Last week Viva Documentary President Margaret Ratliff asked Viva Documentary members which doc-makers they admire and why. Here are some responses that were sent to firstname.lastname@example.org:
Viva Docster Cassie B. is a fan of the Maysles bros:
The Maysles Brothers have inspired me as a student and beginning documentarian with their approach to non-fiction storytelling with films such as “Salesman” and “Grey Gardens.”
There is a quote from Albert Maysles that has defined my outlook on documentary filmmaking and life itself – “After all, the knowledge of the real world is exactly what we need to better understand and therefore possibly to love one another.”
Viva Docster Josh C. wants Michael Moore to keep digging:
I am a fan of Michael Moore’s work. I just hope that when he makes his films from now on, he is more careful about what footage he uses so that people don’t accuse him of taking people out of context or making up facts. He can make great points with people who actually want to be in the film. Keep digging Mike!
Viva Doctster Mary H. admires Werner Herzog’s work:
I have only recently been watching more documentaries so i’m not really familiar with a lot of the directors (at least not enough to say that I ultimately admire them)… but I did enjoy Werner Herzog’s film “Grizzly Man.”
One of the moments that most stood out for me in regards to the film and the film maker is the fact that he shows the viewers his reaction to Timothy Treadwell’s death. It was a moment where I questioned whether our focus should be on Timothy actual death or Herzog’s reaction?
I’ve only seen Herzog’s Grizzly Man but I’d be interested in viewing his other films to see if he also puts himself in those as well ( Puts himself as in terms of seeing him on the screen and not just narrating). If anything I found it amusing that he did that.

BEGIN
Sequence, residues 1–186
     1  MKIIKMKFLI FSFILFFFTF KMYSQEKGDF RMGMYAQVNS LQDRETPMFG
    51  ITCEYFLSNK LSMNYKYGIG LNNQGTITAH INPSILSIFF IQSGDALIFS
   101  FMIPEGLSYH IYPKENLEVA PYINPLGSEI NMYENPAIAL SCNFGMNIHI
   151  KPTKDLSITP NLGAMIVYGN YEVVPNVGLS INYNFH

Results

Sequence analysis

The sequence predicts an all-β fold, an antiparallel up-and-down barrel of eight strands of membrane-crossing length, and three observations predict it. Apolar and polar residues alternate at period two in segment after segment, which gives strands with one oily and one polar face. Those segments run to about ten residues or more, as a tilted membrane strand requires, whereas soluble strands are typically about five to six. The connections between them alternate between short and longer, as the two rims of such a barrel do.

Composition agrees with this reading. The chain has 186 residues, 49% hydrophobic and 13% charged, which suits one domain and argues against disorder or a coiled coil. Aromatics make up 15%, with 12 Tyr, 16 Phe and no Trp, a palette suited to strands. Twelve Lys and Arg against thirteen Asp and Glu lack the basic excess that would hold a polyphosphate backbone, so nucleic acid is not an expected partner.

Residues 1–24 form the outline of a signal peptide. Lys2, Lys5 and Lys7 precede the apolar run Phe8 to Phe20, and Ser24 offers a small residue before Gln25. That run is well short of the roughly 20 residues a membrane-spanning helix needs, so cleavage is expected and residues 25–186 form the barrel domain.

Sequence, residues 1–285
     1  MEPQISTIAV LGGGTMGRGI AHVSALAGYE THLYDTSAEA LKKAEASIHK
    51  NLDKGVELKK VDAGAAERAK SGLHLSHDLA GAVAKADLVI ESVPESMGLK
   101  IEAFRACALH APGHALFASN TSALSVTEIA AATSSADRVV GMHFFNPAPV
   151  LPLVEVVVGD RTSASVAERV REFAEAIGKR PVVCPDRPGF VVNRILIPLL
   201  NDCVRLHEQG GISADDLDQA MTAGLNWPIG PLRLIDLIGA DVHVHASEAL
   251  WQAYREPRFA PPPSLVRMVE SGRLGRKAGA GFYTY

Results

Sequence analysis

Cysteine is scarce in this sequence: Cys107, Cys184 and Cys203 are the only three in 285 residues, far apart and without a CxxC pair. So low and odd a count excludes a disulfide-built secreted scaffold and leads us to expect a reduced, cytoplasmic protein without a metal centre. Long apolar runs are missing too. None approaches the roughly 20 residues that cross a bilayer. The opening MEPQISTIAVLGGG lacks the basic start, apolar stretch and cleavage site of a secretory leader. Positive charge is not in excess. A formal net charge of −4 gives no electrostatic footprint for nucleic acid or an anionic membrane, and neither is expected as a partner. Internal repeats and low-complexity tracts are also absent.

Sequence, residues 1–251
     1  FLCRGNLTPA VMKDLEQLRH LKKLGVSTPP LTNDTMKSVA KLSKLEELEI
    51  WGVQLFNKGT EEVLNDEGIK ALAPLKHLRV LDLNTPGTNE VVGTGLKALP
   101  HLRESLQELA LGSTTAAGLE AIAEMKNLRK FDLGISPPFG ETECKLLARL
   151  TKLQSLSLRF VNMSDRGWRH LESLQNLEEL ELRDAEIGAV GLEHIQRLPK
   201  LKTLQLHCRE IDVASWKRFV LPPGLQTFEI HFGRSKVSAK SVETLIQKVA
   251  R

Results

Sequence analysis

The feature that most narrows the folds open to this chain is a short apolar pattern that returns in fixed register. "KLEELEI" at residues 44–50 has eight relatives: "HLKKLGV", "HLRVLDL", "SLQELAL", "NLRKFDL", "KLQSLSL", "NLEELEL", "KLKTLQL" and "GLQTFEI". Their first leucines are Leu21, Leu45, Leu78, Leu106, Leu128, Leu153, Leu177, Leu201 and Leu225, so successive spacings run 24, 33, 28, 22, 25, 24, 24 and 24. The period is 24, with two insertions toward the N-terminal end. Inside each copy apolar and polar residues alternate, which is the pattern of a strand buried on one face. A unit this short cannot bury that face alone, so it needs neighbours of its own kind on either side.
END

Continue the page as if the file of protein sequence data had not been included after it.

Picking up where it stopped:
Viva Docster Mario C. admires Herzog for a totally different reason:
I admire Werner Herzog because of a film called Werner Herzog Eats His Shoe.
It was a publicity stunt where Werner told Errol Morris that he would eat a shoe if he (Errol) completed his film, Gates of Heaven. The film that I saw was of Werner cooking and eating the shoe. It was a great moment in cinema history and it made Herzog one of my favorite filmmakers.
Do you have opinions about the filmmakers mentioned above? Who do you admire? Leave a comment!
Update:Michael L. emails in another one:
I have to say that I really admire a team of filmmakers: Mark Achbar and Jennifer Abbott. The two films that really stand out that these filmmakers have done are Manufacturing Consent: Noam Chomsky and the Media and The Corporation. These two Canadian documentary filmmakers have managed to create two films that really challenge the status quo, questioning capitalism and its place in modern society. The techniques to do this are both traditional and not. The talking head appears in the Corporation as a main way to get ideas across. But they also have kind of visual essay going on that looks like something you may find in a high school, with an authoritative women’s voice speaking down. Both films have an essay feel that helps me personally, conceptualize the ideas that they are talking about. Manufacturing Consent lets the view understand the business of media and lets the view examine this though the individual Noam Chomsky. This is quit outstanding that they exploited the love and idol worship that comes in the Western world surrounding the individual. These filmmakers in Manufacturing Consent exploit this love for the individual thought telling the story of Noam Chomsky as a way to express impotent ideas dealing with freedom and what it means in an almost anarco-capitalist world. I think it is important for content and form to work off each other to make a good film, they have to overlap in all mediums of art.
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